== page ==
Here we have a succinct reference to recent history (others feature in Antichrist Television Blues, Windowsill, Month of May, and Deep Blue, and probably in others) to ground us in the present, and yet another borrowed phrase from a previous work: parents also send for the kids in The Woodlands National Anthem—a song that, like the Half Light movement, deals with most of the band’s big ideas.

Some people say we’ve already lost,
but they’re afraid to pay the cost for what we’ve lost

It’s interesting to note that this is the first and only mention of fear on The Suburbs. This lyric is so convoluted the way it loops back on itself that it’s quite powerful to hear but I am completely unable to articulate what is meant by it.

Now that you have left me here, I will never raise my voice
All the diamonds you have hid in this home which has no life

A truly uninterpretable verse. Some have suggested that the singer’s old home was destroyed while he was away; hard to say. Let’s assume that the song conveys a definite story. It would seem that our characters (proxy Win and Regine, or proxy Butler Brothers?) were off in the East, searching for a life of their own (in the direction of proxy Montreal?). But then the markets crash, and their parents call them back to the West (proxy Texas or San Francisco?). Something happens to the Bay City; everybody dies? The characters still make the journey to their birthplace, though it is desolate and empty, and find their old home. While the Half Light has “torn them free” (see the first part of this movement), their freedom is mixed with tragedy, their friends and possibly parents are among the casualties (remember that this song is subtitled No Celebration).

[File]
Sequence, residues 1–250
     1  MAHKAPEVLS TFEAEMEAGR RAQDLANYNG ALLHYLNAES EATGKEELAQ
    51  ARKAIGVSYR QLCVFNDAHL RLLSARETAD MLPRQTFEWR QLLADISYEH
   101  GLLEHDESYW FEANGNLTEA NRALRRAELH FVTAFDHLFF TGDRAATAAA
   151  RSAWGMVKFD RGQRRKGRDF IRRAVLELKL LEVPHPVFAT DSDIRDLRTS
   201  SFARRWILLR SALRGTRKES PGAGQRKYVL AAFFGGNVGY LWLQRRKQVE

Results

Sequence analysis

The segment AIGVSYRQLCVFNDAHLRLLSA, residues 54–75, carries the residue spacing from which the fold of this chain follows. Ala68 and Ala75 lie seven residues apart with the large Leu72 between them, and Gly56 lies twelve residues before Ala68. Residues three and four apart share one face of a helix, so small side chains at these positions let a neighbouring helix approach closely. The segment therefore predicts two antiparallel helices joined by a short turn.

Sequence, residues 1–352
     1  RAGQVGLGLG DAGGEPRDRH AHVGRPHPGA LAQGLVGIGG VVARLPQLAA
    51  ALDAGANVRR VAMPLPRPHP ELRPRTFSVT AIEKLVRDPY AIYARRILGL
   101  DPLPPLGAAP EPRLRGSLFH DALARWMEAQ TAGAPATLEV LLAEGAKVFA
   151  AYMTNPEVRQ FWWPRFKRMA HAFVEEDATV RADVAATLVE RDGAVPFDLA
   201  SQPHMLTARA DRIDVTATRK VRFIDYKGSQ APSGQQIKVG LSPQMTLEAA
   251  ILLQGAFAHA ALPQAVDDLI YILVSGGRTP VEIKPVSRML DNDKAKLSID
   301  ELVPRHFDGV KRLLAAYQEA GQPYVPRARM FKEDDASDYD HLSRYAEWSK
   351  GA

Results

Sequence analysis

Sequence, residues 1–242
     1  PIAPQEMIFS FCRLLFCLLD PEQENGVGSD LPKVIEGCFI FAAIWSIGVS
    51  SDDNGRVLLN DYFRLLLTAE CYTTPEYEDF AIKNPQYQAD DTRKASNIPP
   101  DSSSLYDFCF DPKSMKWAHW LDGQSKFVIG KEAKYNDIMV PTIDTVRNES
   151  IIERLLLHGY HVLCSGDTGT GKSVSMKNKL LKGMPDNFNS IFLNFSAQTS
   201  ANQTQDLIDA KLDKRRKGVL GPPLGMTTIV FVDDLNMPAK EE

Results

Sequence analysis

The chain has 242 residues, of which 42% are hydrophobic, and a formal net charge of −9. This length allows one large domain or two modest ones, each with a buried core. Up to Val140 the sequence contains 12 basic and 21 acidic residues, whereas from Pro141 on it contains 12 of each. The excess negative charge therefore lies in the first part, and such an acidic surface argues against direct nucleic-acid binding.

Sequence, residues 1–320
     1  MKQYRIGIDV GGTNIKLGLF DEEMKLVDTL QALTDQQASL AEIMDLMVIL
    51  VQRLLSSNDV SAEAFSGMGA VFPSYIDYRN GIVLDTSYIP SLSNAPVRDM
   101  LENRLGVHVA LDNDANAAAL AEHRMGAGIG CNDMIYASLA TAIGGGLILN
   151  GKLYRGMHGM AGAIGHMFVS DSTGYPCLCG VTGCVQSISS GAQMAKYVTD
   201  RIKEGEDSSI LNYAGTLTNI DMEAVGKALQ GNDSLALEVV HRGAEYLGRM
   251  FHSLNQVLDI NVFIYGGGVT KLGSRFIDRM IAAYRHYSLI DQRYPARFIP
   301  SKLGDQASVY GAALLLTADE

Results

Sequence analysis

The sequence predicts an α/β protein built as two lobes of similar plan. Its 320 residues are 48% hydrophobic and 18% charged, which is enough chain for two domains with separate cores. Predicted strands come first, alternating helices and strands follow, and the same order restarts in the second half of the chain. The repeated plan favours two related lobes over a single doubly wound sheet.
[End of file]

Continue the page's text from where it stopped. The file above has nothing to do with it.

Oh, this city’s changed so much since I was a little child
Pray to God I won’t live to see the death of everything that’s wild

This verse may be one of the most indicative of Arcade Fire’s grand theme. Here we see the recurring motif of rearranging streets (things are not made to last in the ’burbs, nor—to take the big-picture view—in our postpostmodern industrial culture), while Butler roots himself firmly on the side of the uncivilized with a whoop.
Furthermore, I’m unsure if this verse is being sung by the song’s narrator, or by Win himself in the present. While it’s possible to assume that the city referred to may be the devastated San Francisco (though Win wasn’t born in SF, it is the closest city to his birthplace of Truckee, CA), I would expect him to have more connection to a childhood home instead of a birthplace.

Though we knew this day would come, still it took us by surprise
In this town where I was born I now see through a dead man’s eyes

One wonders what day this verse refers to; in the framework of the band’s overarching themes (especially Neon Bible)—though it almost seems too easy—one can assume that “this day” is one of long-expected-but-sudden collapse or destruction. No matter how one prepares for such eventualities, you can never be sure when it will actually occur.
Musically-speaking, the dropping-out of the supporting instruments in this verse—and their sudden return for the following final refrain—only adds immensely to the weight of the words.

One day they will see it’s long gone…

Like Half Light I, the second half closes with an anthemic refrain, this particular chorus seems like a reiteration of the “It’s already passed” motif from The Suburbs.

The Suburbs: ‘City With No Children’

Thankfully, Empty Room fades out into hand-claps and an ever-so-catchy guitar riff that heralds the opening of the rollicking City With No Children.

The summer that I broke my arm I waited for your letter
I have no feeling for you now, now that I know you better

While I can’t say for sure that it’s an intentional connection, Butler only refers to Summer twice on this album, each in a context of passing time. Together, he paints a complete vignette of a young man who breaks his arm, and spends the season staring out the window, waiting for snail-mail correspondence.